5 - Genesia - public festival for the dead in honor of Gaea
5 - Sacrifice to Epops at Erchia
6 - Kharisteria - festival in honor of Artemis Agrotera
7 - Boedromia - a festival of thanksgiving for Apollon as a god who rescues people in war.
12 - Democratia - festival in honor of Democracy
13-23 - Eleusinian Greater Mysteries - in honor of Demeter
17 - Epidauria - in honor of Asklēpiós
27 - Sacrifice to the Nymphs, Achelous, Alochus, Hermes & Gaea at Erchia
27 - Sacrifice to Athena at Atic deme of Teithras

Pyanepsion
6 - Proerosia - agricultural festival for Demeter held at Eleusis, after the oracle of Delphi told the Athenians to commence this festival to end the current famin. First fruits (mostly grain) were given to Demeter.
7 - Pyanepsia - festival in honor of Apollon and Theseus
8 - Theseia - festival in honor of Theseus
8 - Oskhophoria - festival of the vintage (grapes)
9 - Stenia - women's festival in honor of Demeter and Persephone
11-13 - Thesmophoria - festival in honor of Demeter
14 - Sacrifice to The Heroines at Erchia
19-21? Apatouria - paternity festival. The first day (Dorpia) was celebrated with a communal feast within the brotherhood, the second day ('Anarrhusis') sacrifice were made to Zeus Phratrios and Athena Phratria, and the third day ('Koureotis') young boys admitted to their father's brotherhood.
30 - Khalkeia - festival in honor of Athena and Hephaestus.

Maimakterion
(10?) - Pompaia - festival in honor of Zeus Meilikhios ('Kindly') and Hermes.
(16?) - Maimakteria - festival for Zeus Maimaktes ('Blustering') to be gentle come winter.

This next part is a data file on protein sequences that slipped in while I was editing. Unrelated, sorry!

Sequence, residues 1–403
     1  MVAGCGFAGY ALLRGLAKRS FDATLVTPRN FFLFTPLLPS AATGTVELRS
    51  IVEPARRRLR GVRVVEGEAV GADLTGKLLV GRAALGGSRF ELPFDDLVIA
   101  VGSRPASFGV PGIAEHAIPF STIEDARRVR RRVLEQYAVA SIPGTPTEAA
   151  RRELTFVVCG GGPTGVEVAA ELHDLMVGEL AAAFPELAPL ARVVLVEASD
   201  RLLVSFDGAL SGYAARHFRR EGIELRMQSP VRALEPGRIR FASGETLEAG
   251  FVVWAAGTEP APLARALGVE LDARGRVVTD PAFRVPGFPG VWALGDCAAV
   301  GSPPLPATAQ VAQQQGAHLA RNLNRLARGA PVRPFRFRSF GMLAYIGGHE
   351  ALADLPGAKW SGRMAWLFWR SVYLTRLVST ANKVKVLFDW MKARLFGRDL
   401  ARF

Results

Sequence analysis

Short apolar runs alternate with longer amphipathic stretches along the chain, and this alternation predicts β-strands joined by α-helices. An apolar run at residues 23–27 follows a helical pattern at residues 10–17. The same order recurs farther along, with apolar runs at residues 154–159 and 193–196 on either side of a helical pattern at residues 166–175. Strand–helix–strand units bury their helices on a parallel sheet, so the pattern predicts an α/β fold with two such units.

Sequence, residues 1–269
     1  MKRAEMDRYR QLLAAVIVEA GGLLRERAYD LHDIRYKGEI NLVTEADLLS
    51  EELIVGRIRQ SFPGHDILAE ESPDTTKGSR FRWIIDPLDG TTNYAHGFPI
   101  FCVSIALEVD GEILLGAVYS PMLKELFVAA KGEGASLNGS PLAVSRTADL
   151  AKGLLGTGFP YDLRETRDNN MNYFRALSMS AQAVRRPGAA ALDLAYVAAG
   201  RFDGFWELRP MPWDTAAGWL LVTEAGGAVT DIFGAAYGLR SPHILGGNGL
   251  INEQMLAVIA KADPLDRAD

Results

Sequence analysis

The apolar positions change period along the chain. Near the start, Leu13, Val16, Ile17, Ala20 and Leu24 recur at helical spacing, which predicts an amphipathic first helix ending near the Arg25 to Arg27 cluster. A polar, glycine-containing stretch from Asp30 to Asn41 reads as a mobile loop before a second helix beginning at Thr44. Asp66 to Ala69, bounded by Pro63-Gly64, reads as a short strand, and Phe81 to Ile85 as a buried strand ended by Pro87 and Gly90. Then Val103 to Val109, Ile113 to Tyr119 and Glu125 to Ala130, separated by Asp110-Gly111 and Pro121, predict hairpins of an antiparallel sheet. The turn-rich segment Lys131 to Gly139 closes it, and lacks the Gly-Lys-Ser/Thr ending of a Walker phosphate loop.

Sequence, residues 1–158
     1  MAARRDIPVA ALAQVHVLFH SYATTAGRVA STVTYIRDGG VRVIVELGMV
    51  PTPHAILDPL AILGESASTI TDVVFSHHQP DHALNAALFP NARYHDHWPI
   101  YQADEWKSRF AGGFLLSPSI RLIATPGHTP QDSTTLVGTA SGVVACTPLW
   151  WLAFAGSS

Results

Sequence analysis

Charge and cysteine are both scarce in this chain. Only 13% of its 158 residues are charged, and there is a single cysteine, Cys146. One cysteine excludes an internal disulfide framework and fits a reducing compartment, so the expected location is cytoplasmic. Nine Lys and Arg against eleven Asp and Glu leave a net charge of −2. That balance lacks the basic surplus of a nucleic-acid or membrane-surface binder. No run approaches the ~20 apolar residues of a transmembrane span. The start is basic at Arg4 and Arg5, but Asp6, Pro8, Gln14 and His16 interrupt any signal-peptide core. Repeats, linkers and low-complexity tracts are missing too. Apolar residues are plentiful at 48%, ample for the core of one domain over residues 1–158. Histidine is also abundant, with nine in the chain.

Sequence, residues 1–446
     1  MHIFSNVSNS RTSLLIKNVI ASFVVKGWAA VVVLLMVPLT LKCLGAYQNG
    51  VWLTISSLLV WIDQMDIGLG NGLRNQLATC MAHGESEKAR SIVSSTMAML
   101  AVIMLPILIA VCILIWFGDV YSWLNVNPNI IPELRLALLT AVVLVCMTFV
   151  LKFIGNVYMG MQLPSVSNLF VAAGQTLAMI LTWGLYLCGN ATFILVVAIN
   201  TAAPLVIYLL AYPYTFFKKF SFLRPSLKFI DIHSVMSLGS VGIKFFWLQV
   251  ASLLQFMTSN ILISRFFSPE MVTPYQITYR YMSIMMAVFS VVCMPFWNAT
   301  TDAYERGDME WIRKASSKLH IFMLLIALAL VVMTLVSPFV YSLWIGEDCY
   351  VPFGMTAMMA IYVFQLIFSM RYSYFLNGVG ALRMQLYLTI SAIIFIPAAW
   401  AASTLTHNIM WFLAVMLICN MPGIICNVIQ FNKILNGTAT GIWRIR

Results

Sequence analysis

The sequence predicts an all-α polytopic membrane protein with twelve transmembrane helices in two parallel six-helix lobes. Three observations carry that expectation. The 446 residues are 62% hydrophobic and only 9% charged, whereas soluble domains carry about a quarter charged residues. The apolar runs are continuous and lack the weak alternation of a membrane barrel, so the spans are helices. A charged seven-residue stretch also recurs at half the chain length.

Poseideon
(?) - Rustic or Lesser Dionysia in honor of Dionysus
5 - Plerosia festival at Attic deme of Myrrhinus
8 - Poseidea - festival in honor of Poseidon
16 - Sacrifice to Zeus Horios at Erchia
26 - Haloa - fertility festival in honor of Dionysus and Demeter. Pomegranates, apples, eggs, fowls, and some species of fish were not to be consumed during the festivities.

Gamelion
8 - Sacrifice to Apollon Apotropaius, Apollon Nymphegetes, & the Nymphs at Erchia
9 - Sacrifice to Athena at Erchia
12-15 - Lenaia - festival in honor of Dionysus in the Attic deme of Limnai
27 - Theogamia/Gamelia - celebrating the sacred marriage of Zeus Teleios and Hera Telei
27 - Sacrifice to Kourotrophos, Hera, Zeus Teleius, and Poseidon at Erchia

Anthesterion
2 - Sacrifice to Dionysus at Erchia
11-13 - Anthesteria - wine festival in honor of Dionysus
20-26 - Lesser Mysteries in preparation for the Eleusinian Mysteries
23 - Diasia - festival in honor of Zeus Meilichios

Elaphebolion
6 - Elaphebolia - festival in honor of Artemis
8 - Asklepieia - in honor of Asklēpiós
10-14/10-17 - Greater (City) Dionysia in honor of Dionysus
15 - Sacrifice to Kronos